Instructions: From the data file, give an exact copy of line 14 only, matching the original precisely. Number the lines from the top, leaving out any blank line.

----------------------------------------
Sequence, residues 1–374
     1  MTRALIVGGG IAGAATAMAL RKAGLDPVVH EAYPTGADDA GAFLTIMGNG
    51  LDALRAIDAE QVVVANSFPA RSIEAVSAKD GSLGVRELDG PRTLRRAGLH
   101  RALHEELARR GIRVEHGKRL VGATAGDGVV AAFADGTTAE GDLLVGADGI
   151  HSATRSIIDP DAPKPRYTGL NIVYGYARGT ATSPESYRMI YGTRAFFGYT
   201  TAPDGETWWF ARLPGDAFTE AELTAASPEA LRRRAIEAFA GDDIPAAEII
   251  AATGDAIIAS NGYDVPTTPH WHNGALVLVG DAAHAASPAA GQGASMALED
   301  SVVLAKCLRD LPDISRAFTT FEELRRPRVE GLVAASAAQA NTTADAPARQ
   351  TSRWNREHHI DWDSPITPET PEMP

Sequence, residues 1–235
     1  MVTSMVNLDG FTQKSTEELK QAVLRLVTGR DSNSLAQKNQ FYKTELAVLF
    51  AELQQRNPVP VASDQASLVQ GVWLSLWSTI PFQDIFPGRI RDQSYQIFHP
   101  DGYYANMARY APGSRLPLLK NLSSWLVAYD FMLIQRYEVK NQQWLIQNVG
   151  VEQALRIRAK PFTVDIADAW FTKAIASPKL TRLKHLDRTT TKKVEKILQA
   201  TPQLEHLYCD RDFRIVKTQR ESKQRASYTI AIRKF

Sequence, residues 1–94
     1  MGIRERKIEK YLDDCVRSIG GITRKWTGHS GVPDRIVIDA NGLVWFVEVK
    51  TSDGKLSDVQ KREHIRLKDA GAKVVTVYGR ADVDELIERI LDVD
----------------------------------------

   151  VEQALRIRAK PFTVDIADAW FTKAIASPKL TRLKHLDRTT TKKVEKILQA